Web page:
I’ve deliberately avoided this share, after having a couple of meetings with larger competitor Lakehouse (LON:LAKE). Lakehouse has made a complete hash of things, and is suffering from local authority budgets being squeezed – so contract delays, deferral of maintenance amp; repair, etc.

Somebody (a broker or PR person) got in touch with me a couple of months ago, to explain why Bilby was very different to Lakehouse. I listened politely, but was not convinced. To my mind, the same cost pressures that hurt Lakehouse were likely to hurt Bilby too, at some point.

Timing of Profit warning – Bilby inconvenienced shareholders considerably, by putting out a profit warning at 10:07 yesterday morning. There’s nothing more likely to upset your shareholders, than issuing a profit warning whilst the market is open.

Why does this happen? Well, I made some enquiries some time ago (for a different company), and it seems to come down to the FCA rules on disclosure amp; transparency. Basically companies usually have to inform the market immediately if something significant happens (e.g. a profit warning). They’re not allowed to delay it until the next morning.

Although surely companies could schedule a board meeting to consider current trading towards the end of the day, then contact their broker or NOMAD to discuss the need for a profit warning after hours? Then the profit warning should come out at 7 am, as most of them normally do. Companies amp; brokers really need to get their act together on this, as it’s totally unacceptable having profit warnings issued during market hours – because that gives an advantage to professionals, who see amp; read the profit warning the most quickly, and have the fastest brokers. This can enable them to exit at a much more favourable price, before other people have even seen the RNS. How can that possibly be fair? Well, it’s clearly not.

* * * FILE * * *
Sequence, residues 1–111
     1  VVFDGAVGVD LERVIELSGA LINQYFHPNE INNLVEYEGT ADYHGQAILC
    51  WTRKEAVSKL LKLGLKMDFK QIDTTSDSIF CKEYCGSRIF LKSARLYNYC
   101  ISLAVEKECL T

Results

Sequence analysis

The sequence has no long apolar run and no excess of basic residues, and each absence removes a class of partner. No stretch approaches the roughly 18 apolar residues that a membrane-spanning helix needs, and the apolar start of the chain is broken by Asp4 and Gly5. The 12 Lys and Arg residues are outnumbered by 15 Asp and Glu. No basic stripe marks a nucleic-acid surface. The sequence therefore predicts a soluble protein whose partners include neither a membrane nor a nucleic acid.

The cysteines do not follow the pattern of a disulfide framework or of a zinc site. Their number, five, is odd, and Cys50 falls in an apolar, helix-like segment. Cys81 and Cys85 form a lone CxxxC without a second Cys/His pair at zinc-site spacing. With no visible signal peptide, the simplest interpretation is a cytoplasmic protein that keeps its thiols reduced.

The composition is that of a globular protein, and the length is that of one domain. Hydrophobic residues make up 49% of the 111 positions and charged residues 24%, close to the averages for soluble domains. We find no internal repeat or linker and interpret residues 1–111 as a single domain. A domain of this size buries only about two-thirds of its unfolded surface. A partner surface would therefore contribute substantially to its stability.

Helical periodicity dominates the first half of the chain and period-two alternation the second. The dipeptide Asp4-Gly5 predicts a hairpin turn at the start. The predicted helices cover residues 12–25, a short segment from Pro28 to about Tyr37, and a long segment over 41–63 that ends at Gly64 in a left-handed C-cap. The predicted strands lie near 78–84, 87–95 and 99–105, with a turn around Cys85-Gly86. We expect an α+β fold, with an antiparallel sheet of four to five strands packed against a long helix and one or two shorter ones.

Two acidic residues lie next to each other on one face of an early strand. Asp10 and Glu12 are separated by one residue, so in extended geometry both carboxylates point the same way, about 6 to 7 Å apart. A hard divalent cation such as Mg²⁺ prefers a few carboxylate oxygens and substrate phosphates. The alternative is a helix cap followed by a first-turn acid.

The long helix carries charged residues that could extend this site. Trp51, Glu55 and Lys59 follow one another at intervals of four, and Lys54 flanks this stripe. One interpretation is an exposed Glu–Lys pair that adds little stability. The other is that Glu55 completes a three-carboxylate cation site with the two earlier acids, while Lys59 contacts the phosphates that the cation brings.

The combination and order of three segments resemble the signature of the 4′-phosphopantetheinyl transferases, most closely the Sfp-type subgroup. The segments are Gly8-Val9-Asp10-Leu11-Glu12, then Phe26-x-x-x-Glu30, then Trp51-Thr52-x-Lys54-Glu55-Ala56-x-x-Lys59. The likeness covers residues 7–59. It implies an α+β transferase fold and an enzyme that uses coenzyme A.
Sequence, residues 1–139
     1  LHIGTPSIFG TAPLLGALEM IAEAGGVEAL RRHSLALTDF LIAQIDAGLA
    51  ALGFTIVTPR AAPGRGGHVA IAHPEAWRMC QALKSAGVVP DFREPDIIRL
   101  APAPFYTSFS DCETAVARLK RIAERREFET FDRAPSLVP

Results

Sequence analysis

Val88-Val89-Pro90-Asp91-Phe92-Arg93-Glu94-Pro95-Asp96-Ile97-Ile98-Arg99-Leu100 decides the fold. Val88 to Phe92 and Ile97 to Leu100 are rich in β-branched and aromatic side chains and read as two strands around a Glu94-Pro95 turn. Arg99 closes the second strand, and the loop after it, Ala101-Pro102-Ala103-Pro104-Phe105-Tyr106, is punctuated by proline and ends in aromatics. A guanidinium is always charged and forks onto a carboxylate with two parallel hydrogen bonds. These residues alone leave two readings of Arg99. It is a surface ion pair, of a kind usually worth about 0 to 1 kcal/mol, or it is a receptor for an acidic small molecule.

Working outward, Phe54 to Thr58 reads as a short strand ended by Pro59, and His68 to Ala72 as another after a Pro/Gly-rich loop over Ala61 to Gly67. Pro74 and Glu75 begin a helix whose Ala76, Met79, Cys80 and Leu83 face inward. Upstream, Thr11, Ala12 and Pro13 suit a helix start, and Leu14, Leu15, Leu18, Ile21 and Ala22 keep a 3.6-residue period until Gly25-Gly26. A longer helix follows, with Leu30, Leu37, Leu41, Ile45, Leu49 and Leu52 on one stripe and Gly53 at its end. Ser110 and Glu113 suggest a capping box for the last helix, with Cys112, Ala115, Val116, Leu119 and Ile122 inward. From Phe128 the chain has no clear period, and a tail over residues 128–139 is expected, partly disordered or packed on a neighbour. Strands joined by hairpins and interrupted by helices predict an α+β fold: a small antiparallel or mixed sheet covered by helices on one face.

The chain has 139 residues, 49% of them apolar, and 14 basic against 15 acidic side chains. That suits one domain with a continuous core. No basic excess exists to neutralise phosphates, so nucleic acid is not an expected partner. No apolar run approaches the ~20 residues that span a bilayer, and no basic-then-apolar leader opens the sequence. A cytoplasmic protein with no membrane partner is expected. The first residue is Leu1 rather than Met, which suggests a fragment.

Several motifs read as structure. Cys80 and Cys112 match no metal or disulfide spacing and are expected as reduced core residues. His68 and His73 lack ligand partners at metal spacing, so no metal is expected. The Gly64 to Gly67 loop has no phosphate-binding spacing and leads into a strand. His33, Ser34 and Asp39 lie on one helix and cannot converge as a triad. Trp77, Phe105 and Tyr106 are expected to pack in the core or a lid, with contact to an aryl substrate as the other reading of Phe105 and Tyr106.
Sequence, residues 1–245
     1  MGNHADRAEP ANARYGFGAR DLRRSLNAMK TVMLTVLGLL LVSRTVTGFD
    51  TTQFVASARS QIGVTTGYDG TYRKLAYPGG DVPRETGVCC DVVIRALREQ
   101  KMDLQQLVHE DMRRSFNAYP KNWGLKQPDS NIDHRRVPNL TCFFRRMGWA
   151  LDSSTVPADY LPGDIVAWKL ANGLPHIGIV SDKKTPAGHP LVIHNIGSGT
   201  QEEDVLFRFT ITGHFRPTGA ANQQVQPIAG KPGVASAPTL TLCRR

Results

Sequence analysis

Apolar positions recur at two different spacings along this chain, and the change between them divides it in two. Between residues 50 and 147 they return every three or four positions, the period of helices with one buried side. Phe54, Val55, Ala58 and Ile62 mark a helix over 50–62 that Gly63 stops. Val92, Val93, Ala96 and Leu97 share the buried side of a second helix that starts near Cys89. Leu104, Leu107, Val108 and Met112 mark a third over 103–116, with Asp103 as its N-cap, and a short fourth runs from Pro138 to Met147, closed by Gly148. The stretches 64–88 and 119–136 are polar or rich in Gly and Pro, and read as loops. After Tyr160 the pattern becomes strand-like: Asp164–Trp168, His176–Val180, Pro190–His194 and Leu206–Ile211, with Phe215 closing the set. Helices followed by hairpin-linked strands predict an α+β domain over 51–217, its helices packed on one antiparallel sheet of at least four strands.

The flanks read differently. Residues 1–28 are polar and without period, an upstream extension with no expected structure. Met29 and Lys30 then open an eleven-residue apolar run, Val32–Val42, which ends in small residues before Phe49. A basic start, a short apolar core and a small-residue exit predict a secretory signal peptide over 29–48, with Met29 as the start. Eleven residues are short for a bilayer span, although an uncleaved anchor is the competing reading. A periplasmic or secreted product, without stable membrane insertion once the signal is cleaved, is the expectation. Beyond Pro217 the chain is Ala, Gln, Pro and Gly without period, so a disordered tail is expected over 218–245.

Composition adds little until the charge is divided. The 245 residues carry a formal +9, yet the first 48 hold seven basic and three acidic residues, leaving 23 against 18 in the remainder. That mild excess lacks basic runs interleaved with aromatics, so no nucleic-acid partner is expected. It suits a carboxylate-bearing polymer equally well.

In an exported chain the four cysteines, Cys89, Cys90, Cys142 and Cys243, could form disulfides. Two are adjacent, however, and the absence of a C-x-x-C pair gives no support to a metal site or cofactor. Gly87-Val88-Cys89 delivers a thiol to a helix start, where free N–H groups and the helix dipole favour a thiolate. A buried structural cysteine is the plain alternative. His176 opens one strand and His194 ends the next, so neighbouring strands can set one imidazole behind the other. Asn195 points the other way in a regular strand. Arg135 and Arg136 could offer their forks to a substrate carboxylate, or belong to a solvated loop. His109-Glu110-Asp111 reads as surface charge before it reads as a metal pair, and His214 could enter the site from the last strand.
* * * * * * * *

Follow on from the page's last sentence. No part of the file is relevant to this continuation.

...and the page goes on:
I think shares should be suspended for an hour, if a profit warning is going to be issued during the day, to give everyone a fair chance to read amp; interpret the statement. This would then level the playing field in the same way that a 7 am announcement gives everyone an hour to read amp; interpret normal profit warnings.

Loss of major customer – this is the main reason for Bilby’s profit warning;

…However, a long standing and major public sector customer of the Group has, during the period, changed the processes by which they manage their outsourced building services work.  This has resulted in both delays to expected work and certain work being taken in house by the customer.

The Group is confident that this development is no reflection of any change to Bilby’s highly regarded reputation for operational excellence nor any wider market trend.

Nevertheless, as a result of the above, and certain other additional costs incurred by the Company in the first half of the financial year, the Board has revised down its financial expectations for the financial year ending 31 March 2017 with revenue expected to be impacted by approximately 10 per cent. and EBITDA by approximately 25 per cent.